The agency's self-disclosure protocol allows companies to self-report past noncompliance found through auditing, in exchange for significant penalty mitigation. The EPA currently implements the audit policy though an online portal known as eDisclosure, and while the agency screens all disclosures, it may not always follow up.

In order to take advantage of this self-disclosure program, a few threshold requirements must be met:

  • The noncompliance must be discovered through an environmental audit, not a routine audit required by law. Note that the audit policy does not explicitly define what constitutes an applicable environmental audit.

  • The disclosure must be voluntary, and cannot be prompted by the EPA or another regulatory agency discovering the noncompliance. This is especially important for importers where specific products have been refused admission into the country — these specific products may no longer be eligible for audit policy self-disclosure.

  • The disclosure must be timely; it must be disclosed to the EPA within 21 days of discovery.

  • Repeat violators cannot self-disclose. That is, if you have recently been subject to EPA enforcement actions for the same compliance issues and within certain timeframes, you will not be able to take advantage of self-disclosure.

The Path Forward

As the pandemic progresses, it seems certain that the EPA will continue to expedite approval of new pesticide products that effectively control the novel coronavirus, and take quick enforcement action against potential violators.

Although pesticide regulation and enforcement is primarily the province of the EPA, the regulated community should be aware that several states — such as California — have active state pesticide programs, and may also become involved in COVID-19-related pesticide approvals and enforcement.



Andrew Stewart is counsel, and Marshall Morales and Joseph Zaleski are associates, at Sidley Austin LLP

The opinions expressed are those of the author(s) and do not necessarily reflect the views of the firm, its clients or Portfolio Media Inc., or any of its or their respective affiliates. This article is for general information purposes and is not intended to be and should not be taken as legal advice.


[1] EPA, Fiscal Year 2019 EPA Enforcement and Compliance Annual Results (Feb. 13, 2020), https://www.epa.gov/sites/production/files/2020-02/documents/fy19-enforcement-annual-results-data-graphs.pdf. Note that initiation of criminal actions saw an uptick in 2019 numbers over 2018 numbers.

[2] EPA, Office of Enforcement and Compliance Assurance National Program Guidance FY 2020-2021 (June 7, 2019), https://www.epa.gov/sites/production/files/2019-06/documents/fy-20-21-oeca-np-guidance.pdf.

[3] EPA presentation at the Association of American Pesticide Control Officials Spring 2020 meeting, "EPA's FIFRA Enforcement: Priorities and Recent Outcomes" (March 2020), https://aapco.files.wordpress.com/2020/03/fifra-aapco-march2020_enforcement-sullivan-3-9-20.pdf.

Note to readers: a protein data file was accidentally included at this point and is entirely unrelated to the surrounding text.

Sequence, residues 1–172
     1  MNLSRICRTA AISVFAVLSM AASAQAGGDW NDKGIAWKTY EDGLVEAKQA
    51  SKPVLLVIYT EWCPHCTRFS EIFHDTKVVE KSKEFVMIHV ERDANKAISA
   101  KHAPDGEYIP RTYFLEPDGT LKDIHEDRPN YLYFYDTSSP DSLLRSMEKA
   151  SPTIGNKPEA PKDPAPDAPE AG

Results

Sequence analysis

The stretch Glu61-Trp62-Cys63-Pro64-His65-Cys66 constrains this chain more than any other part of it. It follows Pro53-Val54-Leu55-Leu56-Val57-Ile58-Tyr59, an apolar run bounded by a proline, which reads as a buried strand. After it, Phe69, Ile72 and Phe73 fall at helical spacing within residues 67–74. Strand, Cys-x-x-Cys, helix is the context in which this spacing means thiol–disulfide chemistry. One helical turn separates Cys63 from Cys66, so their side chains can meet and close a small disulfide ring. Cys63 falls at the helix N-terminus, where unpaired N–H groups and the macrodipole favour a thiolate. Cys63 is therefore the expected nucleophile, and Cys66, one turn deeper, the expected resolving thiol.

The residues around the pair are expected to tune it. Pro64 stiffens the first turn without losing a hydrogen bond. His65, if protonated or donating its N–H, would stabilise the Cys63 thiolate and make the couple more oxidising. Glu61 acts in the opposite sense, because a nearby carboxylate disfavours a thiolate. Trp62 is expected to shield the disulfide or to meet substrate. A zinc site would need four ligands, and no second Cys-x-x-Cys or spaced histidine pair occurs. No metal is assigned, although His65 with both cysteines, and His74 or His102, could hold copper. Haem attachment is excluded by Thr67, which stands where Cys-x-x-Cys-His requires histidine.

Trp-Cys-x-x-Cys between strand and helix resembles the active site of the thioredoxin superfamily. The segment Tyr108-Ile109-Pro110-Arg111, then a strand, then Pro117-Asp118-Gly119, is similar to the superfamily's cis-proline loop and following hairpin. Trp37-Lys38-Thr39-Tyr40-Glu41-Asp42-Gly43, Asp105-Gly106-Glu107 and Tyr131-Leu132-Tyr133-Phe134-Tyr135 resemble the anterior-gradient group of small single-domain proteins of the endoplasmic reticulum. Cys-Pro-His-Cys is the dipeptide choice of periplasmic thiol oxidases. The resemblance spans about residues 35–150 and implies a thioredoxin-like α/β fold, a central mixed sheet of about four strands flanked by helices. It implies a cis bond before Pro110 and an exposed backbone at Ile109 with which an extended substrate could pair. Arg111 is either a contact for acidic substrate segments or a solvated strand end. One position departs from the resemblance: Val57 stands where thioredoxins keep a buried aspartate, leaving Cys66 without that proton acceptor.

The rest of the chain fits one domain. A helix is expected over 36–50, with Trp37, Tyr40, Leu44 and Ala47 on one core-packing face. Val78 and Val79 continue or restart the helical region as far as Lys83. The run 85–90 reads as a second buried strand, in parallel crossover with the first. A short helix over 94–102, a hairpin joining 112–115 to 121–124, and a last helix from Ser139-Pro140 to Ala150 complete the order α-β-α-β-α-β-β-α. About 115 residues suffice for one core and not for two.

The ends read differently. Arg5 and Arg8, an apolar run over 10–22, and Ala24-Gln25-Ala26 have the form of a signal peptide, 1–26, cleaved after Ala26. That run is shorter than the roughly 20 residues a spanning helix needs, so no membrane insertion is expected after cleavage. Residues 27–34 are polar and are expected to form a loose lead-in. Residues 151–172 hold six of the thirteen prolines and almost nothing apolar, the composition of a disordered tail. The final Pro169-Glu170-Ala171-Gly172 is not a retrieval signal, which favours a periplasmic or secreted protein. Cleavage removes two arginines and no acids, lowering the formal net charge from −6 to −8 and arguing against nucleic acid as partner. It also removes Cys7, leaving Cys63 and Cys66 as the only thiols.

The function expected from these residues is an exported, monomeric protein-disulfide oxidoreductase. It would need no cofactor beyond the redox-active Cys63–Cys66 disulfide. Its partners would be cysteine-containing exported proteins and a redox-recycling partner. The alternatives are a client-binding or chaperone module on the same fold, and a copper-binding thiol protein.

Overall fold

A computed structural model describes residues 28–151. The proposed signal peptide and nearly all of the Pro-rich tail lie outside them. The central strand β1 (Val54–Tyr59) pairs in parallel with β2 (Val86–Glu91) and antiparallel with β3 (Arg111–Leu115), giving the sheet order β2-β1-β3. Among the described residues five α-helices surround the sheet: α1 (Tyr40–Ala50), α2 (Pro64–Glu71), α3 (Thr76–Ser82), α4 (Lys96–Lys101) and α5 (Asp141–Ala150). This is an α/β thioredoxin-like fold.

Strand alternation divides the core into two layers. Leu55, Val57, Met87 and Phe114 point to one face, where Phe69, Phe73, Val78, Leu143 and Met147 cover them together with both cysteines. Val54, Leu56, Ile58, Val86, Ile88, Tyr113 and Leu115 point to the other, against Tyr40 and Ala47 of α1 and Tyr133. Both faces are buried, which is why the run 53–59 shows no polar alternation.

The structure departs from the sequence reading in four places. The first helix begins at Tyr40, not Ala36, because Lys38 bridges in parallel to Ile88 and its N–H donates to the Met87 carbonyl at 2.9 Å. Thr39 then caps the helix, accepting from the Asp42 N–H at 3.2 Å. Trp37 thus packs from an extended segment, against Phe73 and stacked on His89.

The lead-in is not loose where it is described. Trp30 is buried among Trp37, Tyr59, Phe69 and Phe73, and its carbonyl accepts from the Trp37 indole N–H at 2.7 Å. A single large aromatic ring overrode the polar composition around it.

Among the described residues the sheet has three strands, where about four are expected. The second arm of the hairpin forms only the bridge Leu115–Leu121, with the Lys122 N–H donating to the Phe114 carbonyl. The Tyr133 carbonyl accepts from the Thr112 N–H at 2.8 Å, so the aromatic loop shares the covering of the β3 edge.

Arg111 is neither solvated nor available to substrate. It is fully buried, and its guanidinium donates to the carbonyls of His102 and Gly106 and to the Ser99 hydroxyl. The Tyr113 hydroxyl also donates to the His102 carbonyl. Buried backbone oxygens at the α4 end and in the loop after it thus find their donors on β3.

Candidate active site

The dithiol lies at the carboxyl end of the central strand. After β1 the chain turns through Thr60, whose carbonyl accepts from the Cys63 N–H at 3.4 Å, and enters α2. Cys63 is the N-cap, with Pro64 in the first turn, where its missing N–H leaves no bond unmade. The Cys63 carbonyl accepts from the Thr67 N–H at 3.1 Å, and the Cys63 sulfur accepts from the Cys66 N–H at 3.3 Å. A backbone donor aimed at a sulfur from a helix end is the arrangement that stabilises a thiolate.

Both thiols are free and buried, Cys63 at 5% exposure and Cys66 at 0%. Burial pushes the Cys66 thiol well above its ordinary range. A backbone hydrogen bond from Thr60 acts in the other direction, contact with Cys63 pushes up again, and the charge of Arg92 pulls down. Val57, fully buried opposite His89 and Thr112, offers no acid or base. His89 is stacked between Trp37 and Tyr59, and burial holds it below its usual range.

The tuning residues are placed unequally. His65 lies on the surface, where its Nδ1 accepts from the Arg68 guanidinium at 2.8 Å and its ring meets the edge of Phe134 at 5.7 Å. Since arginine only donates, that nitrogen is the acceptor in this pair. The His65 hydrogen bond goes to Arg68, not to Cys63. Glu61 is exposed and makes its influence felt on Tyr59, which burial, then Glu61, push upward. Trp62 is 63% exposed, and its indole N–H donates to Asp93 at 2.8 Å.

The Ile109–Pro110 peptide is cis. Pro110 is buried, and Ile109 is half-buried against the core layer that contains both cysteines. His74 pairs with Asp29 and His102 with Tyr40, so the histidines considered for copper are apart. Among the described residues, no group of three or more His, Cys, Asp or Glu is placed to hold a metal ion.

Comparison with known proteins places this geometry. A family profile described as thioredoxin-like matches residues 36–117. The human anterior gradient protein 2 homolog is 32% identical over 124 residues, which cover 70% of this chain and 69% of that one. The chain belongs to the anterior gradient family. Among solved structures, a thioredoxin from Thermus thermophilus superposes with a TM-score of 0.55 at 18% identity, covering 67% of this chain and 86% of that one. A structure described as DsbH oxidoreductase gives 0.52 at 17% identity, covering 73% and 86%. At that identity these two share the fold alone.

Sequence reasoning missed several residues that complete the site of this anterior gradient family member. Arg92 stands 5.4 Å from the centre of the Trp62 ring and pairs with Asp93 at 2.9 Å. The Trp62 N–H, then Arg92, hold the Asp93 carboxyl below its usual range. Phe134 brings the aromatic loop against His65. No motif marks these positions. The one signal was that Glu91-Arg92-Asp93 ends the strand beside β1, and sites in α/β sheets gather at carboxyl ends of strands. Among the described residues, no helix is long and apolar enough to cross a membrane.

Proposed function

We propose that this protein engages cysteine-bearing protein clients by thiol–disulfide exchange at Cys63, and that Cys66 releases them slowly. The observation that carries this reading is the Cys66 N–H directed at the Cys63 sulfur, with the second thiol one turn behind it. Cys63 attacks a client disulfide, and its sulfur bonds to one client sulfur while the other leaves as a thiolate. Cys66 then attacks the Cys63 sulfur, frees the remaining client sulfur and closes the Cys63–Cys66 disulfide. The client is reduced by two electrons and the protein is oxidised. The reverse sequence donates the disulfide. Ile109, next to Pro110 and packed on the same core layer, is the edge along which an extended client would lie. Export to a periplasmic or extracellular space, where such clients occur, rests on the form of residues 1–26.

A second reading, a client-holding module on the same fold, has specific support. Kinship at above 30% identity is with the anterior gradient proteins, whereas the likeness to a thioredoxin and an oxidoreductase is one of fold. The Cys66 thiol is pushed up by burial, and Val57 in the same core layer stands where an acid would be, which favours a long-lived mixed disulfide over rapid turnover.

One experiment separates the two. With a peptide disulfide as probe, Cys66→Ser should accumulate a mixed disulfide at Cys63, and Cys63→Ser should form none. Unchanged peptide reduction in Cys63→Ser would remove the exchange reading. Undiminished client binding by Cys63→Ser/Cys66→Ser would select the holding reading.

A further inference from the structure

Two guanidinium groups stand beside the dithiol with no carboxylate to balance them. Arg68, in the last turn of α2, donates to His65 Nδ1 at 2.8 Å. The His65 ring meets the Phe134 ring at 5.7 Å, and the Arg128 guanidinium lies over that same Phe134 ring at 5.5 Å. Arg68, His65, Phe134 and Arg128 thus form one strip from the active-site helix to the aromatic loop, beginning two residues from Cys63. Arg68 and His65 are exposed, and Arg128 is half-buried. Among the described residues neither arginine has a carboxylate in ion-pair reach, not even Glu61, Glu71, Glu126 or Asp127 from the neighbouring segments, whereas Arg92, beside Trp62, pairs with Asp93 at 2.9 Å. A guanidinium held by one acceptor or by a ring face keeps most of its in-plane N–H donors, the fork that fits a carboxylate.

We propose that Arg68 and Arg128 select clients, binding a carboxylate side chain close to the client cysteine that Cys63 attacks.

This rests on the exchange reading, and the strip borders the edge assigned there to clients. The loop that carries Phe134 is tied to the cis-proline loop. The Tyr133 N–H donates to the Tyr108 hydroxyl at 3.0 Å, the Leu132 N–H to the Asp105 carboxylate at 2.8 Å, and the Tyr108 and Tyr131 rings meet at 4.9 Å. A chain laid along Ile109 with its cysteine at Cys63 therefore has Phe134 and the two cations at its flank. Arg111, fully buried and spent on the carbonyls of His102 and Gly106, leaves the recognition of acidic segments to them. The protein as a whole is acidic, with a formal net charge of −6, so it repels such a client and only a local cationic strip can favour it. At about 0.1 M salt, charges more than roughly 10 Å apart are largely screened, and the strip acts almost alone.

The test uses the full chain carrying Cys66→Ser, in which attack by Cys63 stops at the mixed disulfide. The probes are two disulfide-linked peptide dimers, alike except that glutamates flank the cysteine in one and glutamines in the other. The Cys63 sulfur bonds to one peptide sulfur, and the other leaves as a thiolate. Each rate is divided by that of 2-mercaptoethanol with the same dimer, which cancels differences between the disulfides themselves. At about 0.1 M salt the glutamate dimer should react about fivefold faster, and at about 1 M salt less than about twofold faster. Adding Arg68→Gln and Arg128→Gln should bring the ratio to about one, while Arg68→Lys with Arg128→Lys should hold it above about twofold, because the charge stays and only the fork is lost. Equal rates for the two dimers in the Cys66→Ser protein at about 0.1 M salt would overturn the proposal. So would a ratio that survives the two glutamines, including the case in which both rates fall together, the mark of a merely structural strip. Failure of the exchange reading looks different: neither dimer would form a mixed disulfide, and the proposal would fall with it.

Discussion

[4] EPA Memorandum, COVID-19 Implications for EPA's Enforcement and Compliance Assurance Program (March 26, 2020), https://www.epa.gov/sites/production/files/2019-06/documents/fy-20-21-oeca-np-guidance.pdf.

[5] 7 U.S.C. § 136(u).

[6] 7 U.S.C. § 136j(a).

[7] 7 U.S.C. § 136(h).

[8] 7 U.S.C. § 136o; 19 C.F.R. §§ 12.110 - 12.117.

[9] EPA's List N is accessible here: https://www.epa.gov/pesticide-registration/list-n-disinfectants-use-against-sars-cov-2.

[10] EPA Press Release, "EPA Expediting Emerging Viral Pathogens Claim Submissions" (March 9, 2020), https://www.epa.gov/newsreleases/epa-expediting-emerging-viral-pathogens-claim-submissions.

[11] EPA Press Release, "EPA Continues Efforts to Help Increase the Availability of Disinfectant Products for Use Against the Novel Coronavirus" (March 26, 2020), https://www.epa.gov/newsreleases/epa-continues-efforts-help-increase-availability-disinfectant-products-use-against; EPA Press Release, "EPA Takes Action to Assure Availability of Disinfectant Products for Use Against the Novel Coronavirus" (March 31, 2020), https://www.epa.gov/newsreleases/epa-takes-action-assure-availability-disinfectant-products-use-against-novel.

[12] EPA, List N FAQ: "Will EPA take enforcement action against companies making false claims that their disinfectants work against SARS-CoV-2?", https://www.epa.gov/coronavirus/will-epa-take-enforcement-action-against-companies-making-false-claims-their.

[13] U.S. Department of Justice Press Release, "Georgia resident arrested for selling illegal products claiming to protect against viruses" (April 9, 2020), https://www.justice.gov/usao-ndga/pr/georgia-resident-arrested-selling-illegal-products-claiming-protect-against-viruses.

[14] EPA Press Release, "EPA Administrator Wheeler Talks with Retailers and Third-Party Marketplace Platforms to Discuss Steps to Protect American Consumers from Fraudulent Coronavirus Disinfectant Claims" (April 3, 2020), https://www.epa.gov/newsreleases/epa-administrator-wheeler-talks-retailers-and-third-party-marketplace-platforms-discuss.

[15] EPA, List N FAQ: "Why aren't ozone generators, UV lights or air purifiers on List N? Can I use them to kill the COVID-19?", https://www.epa.gov/coronavirus/why-arent-ozone-generators-uv-lights-or-air-purifiers-list-n-can-i-use-them-kill-covid.

[16] EPA presentation at the Association of American Pesticide Control Officials Spring 2020 meeting, "Pesticide Devices" (March 2020), https://aapco.files.wordpress.com/2020/03/aapco-pesticide-devices-_messina-final_.pdf.

[17] Id.

[18] In re EMD Millipore Corp., Consent Agreement and Final Order (July 30, 2013), https://www.epa.gov/sites/production/files/2014-07/documents/emdmillipore-cafo.pdf.